Ben Wever Farm. 2:00pm to 4:00pm. 444 Mountain View Drive, Willsboro. 963-7447. Heart and Harvest of the Adirondacks. Working with previous owner and “senior agricultural consultant emeritus” Ben Wever, the Gillilland family has given new life to an old family farm creating a diversified operation specializing in grassfed beef, pork, chicken, and turkeys. They also sell eggs and honey and have a picturesque farmscape scattered with beautiful horses.
Crooked Brook Farm & Studios. 4:00pm to 8:00pm. 2364 Sayre Rd., Wadhams. 962-4386. Come experience the famous Mongolian barbeque! Bring your own veggies and meat to throw on an original hand-forged grill. View oil paintings and monumental sculpture by Edward Cornell.
Adirondack History Center Museum on September 12 & 13: Daily 10:00am to 5:00pm. Court Street, Elizabethtown. 873-6466. During a year filled with celebratory events, the 2009 Hudson-Fulton-Champlain Quadricentennial Commission has inaugurated the state’s first Heritage Weekend on September 12 and 13. Visitors are welcomed free, or at a reduced rate, to many museums, historical societies, and heritage areas in the Champlain Valley, the Hudson River Valley, and New York City. The Adirondack History Center Museum in Elizabethtown is offering free admission on Sunday, September 13 for Heritage Weekend and in celebration of Harvest Festival week sponsored by Adirondack Harvest and Cornell Cooperative Extension of Essex County. For further information on Heritage Weekend sites, visit the New York Heritage Weekend website www.heritageweekend.org.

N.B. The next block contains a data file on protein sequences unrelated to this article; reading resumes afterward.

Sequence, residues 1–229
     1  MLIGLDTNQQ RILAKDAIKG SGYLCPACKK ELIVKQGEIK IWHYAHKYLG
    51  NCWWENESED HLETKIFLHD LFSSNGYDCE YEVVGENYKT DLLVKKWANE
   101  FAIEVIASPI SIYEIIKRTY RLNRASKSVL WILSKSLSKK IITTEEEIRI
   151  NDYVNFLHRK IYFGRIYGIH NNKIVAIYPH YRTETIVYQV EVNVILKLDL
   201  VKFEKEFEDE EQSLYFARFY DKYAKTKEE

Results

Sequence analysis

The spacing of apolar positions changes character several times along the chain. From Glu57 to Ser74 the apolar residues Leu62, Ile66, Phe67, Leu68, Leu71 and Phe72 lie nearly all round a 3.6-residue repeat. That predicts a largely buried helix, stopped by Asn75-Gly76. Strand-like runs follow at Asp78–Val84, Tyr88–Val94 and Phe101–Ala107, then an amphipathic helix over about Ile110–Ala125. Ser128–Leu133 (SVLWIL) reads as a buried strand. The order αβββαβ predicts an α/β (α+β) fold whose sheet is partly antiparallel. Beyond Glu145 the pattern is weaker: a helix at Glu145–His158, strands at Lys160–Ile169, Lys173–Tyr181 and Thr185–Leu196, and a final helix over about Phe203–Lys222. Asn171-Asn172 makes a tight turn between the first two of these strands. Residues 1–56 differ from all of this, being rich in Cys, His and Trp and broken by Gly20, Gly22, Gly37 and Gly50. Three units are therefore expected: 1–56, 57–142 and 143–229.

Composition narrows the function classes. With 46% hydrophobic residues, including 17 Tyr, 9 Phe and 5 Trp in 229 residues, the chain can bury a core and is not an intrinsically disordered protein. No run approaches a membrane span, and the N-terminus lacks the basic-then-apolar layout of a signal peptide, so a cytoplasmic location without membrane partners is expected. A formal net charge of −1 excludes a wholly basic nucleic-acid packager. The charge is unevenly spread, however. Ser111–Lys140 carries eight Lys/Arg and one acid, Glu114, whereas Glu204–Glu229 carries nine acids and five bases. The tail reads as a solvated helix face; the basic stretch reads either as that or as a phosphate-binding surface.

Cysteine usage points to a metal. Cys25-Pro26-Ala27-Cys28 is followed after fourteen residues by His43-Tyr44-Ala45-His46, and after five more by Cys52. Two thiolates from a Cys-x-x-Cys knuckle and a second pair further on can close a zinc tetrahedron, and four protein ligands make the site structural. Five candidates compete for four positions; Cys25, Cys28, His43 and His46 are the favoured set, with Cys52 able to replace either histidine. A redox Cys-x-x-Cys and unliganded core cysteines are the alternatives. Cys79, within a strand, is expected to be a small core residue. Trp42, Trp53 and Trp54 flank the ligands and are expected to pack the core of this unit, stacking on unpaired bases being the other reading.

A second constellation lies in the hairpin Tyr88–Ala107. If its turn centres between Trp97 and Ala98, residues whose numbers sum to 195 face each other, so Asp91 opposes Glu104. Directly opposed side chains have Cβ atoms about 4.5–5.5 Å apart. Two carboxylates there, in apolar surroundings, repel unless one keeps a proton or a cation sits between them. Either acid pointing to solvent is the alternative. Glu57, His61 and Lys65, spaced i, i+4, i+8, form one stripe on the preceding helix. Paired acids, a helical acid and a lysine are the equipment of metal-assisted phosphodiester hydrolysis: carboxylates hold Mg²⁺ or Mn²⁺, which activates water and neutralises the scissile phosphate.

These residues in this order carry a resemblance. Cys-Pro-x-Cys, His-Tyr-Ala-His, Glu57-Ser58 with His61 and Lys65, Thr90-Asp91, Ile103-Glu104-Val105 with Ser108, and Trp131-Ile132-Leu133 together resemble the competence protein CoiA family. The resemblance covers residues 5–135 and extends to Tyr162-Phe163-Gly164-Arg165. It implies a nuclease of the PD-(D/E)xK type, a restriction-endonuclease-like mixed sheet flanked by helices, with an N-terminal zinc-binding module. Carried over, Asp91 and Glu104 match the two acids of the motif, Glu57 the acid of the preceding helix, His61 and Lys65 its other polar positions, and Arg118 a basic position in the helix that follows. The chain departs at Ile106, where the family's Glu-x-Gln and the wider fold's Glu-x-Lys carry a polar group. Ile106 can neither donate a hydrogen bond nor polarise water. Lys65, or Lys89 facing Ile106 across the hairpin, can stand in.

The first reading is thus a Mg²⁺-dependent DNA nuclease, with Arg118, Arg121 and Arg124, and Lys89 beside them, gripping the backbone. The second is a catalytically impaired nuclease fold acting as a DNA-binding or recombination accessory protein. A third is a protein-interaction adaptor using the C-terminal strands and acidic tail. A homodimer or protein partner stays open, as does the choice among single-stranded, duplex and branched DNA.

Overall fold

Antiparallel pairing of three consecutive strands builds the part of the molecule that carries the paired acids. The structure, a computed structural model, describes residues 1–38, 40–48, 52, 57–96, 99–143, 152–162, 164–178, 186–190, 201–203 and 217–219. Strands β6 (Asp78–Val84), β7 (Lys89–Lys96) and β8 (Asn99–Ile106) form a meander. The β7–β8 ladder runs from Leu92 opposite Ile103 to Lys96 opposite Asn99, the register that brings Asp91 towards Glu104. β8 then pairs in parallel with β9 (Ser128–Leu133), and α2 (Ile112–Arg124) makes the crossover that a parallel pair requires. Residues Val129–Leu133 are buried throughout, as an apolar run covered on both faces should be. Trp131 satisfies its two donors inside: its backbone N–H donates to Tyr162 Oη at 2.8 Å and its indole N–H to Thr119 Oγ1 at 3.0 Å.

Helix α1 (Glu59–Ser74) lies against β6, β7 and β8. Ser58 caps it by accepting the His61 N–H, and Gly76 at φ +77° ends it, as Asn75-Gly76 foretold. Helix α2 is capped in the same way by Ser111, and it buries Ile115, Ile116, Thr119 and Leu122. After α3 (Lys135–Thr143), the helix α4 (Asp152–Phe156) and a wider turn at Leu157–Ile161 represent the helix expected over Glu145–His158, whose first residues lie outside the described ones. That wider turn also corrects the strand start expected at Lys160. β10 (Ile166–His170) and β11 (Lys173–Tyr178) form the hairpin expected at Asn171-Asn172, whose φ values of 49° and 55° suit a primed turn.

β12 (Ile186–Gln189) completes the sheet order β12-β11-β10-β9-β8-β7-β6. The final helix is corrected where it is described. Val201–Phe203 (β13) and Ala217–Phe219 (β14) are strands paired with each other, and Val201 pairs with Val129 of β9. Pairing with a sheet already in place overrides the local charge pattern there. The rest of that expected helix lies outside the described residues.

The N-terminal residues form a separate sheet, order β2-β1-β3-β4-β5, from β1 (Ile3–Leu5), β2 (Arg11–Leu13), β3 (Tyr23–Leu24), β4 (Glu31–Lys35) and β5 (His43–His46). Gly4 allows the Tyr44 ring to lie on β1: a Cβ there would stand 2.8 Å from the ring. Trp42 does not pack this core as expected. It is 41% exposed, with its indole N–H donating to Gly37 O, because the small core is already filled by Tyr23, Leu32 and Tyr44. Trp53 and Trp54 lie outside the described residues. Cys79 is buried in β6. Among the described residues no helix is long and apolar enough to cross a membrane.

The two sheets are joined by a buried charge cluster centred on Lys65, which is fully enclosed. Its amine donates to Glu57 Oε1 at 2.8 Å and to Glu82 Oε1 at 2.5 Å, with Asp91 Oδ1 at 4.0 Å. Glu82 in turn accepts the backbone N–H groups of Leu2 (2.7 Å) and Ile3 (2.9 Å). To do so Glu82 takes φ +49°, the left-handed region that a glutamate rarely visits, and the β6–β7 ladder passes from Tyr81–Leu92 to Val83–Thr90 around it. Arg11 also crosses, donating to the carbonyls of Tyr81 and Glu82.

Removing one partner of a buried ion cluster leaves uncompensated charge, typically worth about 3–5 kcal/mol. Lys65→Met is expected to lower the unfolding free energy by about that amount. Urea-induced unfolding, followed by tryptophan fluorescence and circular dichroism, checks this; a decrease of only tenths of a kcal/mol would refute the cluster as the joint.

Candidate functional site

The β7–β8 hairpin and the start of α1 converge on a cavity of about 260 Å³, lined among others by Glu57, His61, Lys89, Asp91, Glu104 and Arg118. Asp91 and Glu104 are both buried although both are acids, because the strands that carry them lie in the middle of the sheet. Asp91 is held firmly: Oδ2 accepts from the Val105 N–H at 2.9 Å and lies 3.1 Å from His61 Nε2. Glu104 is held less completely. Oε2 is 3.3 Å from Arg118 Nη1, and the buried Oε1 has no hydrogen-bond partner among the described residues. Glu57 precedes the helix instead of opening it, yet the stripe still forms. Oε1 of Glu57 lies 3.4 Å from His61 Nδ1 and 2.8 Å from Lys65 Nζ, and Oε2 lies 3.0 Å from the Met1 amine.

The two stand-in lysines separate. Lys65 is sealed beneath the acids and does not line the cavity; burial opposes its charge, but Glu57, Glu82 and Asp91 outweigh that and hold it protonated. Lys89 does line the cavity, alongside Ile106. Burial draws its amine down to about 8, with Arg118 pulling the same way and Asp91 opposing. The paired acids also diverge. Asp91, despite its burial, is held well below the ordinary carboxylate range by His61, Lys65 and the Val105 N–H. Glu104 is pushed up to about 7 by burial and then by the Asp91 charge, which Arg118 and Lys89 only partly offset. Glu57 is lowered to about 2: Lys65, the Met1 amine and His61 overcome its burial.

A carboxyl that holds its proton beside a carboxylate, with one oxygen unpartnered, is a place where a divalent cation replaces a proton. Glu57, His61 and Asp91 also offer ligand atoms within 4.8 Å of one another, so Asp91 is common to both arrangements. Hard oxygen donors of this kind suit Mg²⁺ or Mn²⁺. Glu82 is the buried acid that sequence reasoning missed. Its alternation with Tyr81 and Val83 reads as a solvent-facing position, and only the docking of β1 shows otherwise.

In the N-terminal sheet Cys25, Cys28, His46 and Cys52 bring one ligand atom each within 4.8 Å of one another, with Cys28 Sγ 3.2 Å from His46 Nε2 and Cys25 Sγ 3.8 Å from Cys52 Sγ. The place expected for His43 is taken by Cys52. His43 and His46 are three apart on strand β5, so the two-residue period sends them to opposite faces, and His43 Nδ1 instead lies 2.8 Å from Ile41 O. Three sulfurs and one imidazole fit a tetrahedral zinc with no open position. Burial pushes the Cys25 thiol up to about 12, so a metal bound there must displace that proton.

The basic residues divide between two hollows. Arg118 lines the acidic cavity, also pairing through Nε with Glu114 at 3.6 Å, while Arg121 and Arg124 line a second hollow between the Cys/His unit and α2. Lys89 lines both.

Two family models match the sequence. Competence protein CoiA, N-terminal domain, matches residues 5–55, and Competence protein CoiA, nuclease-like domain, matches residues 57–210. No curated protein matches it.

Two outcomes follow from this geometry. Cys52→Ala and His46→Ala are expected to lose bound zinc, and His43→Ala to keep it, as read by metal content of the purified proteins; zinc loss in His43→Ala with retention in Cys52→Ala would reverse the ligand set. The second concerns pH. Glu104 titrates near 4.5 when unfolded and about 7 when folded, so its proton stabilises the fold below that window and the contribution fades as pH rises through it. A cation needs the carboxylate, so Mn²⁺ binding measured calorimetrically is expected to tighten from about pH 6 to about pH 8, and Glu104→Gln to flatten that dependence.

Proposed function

Cornell E.V. Baker Research Farm Tour on Tuesday, September 15: 10:00am to 12:00pm. 38 Farrell Road, Willsboro. 963-7492. The Cornell University E.V. Baker Research Farm serves to connect Cornell University faculty with important agricultural issues facing northern NY farmers including best management practices for perennial forages, tillage and soil health interactions, wine grape variety evaluations, small grain variety trials and season extension using high tunnels and other studies.
“A Taste of Essex County History” on Saturday, September 19: Crown Point State Historic Site and Campground, Crown Point, NY. Part of a day-long celebration of the Crown Point Lake Champlain Quadricentennial event re-dedicating the Crown Point Monument & Rodin Sculpture. Adirondack Harvest will have an agricultural history display on site as well as a market devoted to serving local foods and offering farm fresh items for sale from Adirondack Harvest members.
The Adirondack Maple Producers Association is hosting the September 27-29 New York State Maple Tour with speakers and sugarhouse tours starting from the Lake Placid Horseshow Grounds that will highlight the potentially great economic impact of growing the region’s sugaring industry. Cornell University Uihlein Maple Forest Director Michael Farrell has conducted a comprehensive survey of the maple industry in Northern New York and reports that his research shows the potential for the region to grow its maple production resources into a $9 million annual industry. According to the 2007 Census of Agriculture, Northern NY has 347 maple farms: 55 producers in Clinton County, 22 in Essex County, 36 in Franklin County, 26 in Jefferson County, 112 in Lewis County, and 96 in St. Lawrence County. Here is the event’s schedule from the full announcement: